Fractional atomic coordinates and isotropic or equivalent isotropic displacement parameters (Å2)

xyzUiso*/Ueq
O10.5000 (2)0.02433 (8)0.5000 (3)0.0629 (5)
O20.7604 (2)0.21319 (8)0.3071 (3)0.0628 (5)
N10.2553 (3)0.09456 (10)0.4018 (3)0.0595 (5)
N20.2520 (3)−0.03621 (10)0.4056 (4)0.0655 (6)
C10.3265 (3)0.02912 (11)0.4325 (4)0.0510 (5)
C20.0840 (4)0.09409 (16)0.3359 (5)0.0756 (8)
H20.02620.13870.31290.091*
C3−0.0084 (4)0.03096 (19)0.3015 (5)0.0828 (9)
H3−0.12720.03140.25550.099*
C40.0819 (4)−0.03306 (17)0.3379 (5)0.0789 (8)
H40.0213−0.07700.31410.095*
C50.5948 (3)0.09030 (11)0.5548 (4)0.0531 (6)
C60.6335 (3)0.12134 (10)0.4098 (4)0.0484 (5)
H60.59540.09950.27760.058*
C70.7304 (3)0.18570 (11)0.4623 (3)0.0488 (5)
C80.7882 (3)0.21731 (13)0.6603 (4)0.0624 (6)
H80.85270.26050.69700.075*
C90.7481 (4)0.18335 (17)0.8027 (4)0.0771 (8)
H90.78700.20450.93590.093*
C100.6533 (3)0.11978 (16)0.7543 (4)0.0697 (7)
H100.62920.09730.85290.084*
C110.8382 (4)0.28395 (15)0.3411 (5)0.0868 (9)
H11A0.84430.29860.21690.130*
H11B0.95350.28230.46150.130*
H11C0.76920.31870.36760.130*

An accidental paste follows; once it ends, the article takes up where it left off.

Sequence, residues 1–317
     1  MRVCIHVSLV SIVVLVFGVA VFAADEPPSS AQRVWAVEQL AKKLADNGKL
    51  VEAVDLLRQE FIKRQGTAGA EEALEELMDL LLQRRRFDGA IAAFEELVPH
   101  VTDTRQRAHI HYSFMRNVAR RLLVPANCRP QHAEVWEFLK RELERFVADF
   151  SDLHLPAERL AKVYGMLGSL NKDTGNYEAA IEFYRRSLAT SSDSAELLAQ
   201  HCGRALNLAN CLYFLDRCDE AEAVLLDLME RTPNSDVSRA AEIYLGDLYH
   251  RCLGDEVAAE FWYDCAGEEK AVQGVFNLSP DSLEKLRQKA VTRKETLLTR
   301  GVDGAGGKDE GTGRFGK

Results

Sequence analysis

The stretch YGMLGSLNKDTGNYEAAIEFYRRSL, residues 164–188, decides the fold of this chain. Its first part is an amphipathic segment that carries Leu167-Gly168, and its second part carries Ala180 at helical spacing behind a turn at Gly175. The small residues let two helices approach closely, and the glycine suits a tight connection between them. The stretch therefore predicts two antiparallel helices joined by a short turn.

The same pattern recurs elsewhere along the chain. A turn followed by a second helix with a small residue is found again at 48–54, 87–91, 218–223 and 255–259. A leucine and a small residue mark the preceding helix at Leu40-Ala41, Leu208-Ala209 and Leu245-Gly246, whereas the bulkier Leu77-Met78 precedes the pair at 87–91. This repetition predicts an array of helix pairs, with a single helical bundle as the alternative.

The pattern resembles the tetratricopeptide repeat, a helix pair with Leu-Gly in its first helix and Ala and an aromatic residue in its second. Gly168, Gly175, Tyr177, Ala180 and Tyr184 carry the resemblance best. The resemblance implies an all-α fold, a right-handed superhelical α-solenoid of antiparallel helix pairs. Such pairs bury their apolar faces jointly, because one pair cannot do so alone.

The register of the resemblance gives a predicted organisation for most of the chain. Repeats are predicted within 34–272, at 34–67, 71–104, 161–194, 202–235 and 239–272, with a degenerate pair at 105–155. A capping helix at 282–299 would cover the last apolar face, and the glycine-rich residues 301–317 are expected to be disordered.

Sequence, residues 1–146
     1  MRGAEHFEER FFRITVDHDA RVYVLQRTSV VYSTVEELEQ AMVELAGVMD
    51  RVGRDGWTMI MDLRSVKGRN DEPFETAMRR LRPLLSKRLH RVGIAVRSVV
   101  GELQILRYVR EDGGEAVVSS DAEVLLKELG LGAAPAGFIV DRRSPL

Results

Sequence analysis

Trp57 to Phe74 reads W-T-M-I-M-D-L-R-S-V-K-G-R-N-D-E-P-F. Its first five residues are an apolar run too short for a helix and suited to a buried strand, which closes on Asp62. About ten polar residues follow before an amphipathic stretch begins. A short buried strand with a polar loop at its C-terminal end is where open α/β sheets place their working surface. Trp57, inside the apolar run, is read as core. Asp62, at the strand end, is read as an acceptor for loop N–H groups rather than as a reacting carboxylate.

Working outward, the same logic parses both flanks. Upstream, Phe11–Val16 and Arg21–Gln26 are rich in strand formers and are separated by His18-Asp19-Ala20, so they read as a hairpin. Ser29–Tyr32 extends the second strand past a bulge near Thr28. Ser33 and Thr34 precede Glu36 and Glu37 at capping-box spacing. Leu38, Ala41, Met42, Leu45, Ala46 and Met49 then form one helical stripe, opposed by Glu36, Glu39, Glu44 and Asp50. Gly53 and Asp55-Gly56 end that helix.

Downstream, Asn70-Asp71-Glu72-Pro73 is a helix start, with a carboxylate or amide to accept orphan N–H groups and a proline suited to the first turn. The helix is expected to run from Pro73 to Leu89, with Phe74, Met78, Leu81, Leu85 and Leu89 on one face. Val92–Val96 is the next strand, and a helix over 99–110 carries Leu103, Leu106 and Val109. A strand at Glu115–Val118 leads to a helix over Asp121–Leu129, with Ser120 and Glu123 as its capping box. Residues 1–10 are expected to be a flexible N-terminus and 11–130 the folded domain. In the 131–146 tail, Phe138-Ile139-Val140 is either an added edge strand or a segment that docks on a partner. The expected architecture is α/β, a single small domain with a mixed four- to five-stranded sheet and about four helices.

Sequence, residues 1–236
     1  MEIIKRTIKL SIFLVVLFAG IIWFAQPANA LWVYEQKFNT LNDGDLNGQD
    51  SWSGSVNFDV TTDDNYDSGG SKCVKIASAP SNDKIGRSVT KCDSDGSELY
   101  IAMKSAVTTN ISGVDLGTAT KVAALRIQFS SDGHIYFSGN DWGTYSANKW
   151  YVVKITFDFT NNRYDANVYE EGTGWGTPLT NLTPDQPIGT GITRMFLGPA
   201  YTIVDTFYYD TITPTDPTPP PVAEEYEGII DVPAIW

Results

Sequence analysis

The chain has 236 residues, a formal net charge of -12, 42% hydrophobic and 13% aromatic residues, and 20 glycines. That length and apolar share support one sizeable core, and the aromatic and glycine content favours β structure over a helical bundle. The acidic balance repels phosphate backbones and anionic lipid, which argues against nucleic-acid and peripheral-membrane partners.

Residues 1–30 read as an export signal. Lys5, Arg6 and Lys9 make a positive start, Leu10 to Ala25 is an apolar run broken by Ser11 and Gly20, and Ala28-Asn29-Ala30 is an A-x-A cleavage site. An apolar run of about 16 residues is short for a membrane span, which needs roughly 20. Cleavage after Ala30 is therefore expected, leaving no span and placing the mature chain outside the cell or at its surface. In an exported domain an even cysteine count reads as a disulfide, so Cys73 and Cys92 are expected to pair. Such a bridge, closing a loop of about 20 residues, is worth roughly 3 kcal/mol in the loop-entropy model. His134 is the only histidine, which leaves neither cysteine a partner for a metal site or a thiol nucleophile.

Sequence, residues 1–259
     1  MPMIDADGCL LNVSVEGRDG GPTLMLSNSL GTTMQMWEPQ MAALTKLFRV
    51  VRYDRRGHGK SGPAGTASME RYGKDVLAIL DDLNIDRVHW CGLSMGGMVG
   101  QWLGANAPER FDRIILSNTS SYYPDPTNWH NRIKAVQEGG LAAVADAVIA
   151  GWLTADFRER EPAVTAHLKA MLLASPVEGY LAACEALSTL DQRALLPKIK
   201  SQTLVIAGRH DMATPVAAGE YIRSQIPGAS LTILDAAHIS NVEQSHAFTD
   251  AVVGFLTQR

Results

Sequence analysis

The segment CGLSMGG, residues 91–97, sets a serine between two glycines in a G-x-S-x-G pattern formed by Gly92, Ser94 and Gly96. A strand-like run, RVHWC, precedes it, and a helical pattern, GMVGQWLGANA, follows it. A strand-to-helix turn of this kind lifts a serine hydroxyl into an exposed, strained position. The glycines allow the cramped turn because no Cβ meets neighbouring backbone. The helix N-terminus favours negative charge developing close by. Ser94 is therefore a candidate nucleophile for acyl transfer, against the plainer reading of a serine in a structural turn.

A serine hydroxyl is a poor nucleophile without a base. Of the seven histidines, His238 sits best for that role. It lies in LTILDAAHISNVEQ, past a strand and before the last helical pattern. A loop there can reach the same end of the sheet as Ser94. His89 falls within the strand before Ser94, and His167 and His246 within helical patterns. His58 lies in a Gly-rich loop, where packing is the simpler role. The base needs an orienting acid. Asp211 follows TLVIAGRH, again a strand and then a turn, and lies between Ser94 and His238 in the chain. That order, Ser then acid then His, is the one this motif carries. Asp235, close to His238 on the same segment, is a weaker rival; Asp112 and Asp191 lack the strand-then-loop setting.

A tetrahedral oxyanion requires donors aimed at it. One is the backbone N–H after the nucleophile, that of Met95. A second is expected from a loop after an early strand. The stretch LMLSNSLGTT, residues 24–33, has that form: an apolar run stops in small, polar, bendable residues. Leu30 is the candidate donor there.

Atomic displacement parameters (Å2)

U11U22U33U12U13U23
O10.0614 (11)0.0435 (8)0.0919 (13)0.0088 (7)0.0438 (11)0.0096 (8)
O20.0722 (11)0.0520 (9)0.0643 (10)−0.0123 (8)0.0335 (8)−0.0019 (8)
N10.0551 (11)0.0530 (11)0.0691 (12)0.0075 (9)0.0294 (10)−0.0016 (10)
N20.0773 (15)0.0501 (12)0.0735 (14)−0.0070 (10)0.0403 (12)−0.0005 (10)
C10.0553 (14)0.0481 (12)0.0565 (14)0.0034 (10)0.0329 (12)0.0045 (10)
C20.0570 (16)0.0763 (17)0.087 (2)0.0111 (14)0.0299 (15)−0.0078 (15)
C30.0562 (17)0.101 (2)0.087 (2)−0.0074 (16)0.0322 (15)−0.0199 (17)
C40.076 (2)0.0799 (19)0.084 (2)−0.0262 (17)0.0412 (16)−0.0136 (15)
C50.0468 (12)0.0451 (12)0.0666 (14)0.0094 (9)0.0273 (11)0.0057 (10)
C60.0480 (12)0.0415 (10)0.0535 (12)0.0036 (9)0.0231 (10)−0.0013 (9)
C70.0427 (11)0.0464 (10)0.0546 (13)0.0040 (9)0.0219 (10)0.0008 (10)
C80.0555 (13)0.0619 (13)0.0614 (15)−0.0069 (11)0.0223 (12)−0.0156 (12)
C90.0779 (19)0.097 (2)0.0549 (15)−0.0069 (16)0.0315 (14)−0.0186 (15)
C100.0733 (17)0.0811 (18)0.0651 (17)0.0059 (14)0.0419 (14)0.0032 (14)
C110.103 (2)0.0589 (16)0.088 (2)−0.0223 (14)0.0389 (19)0.0037 (14)

Geometric parameters (Å, °)

O1—C11.361 (3)C5—C61.372 (3)
O1—C51.405 (3)C5—C101.377 (3)
O2—C71.365 (3)C6—C71.389 (3)
O2—C111.424 (3)C6—H60.9300
N1—C11.314 (3)C7—C81.384 (3)
N1—C21.342 (3)C8—C91.384 (4)
N2—C11.327 (3)C8—H80.9300
N2—C41.330 (4)C9—C101.369 (4)
C2—C31.360 (4)C9—H90.9300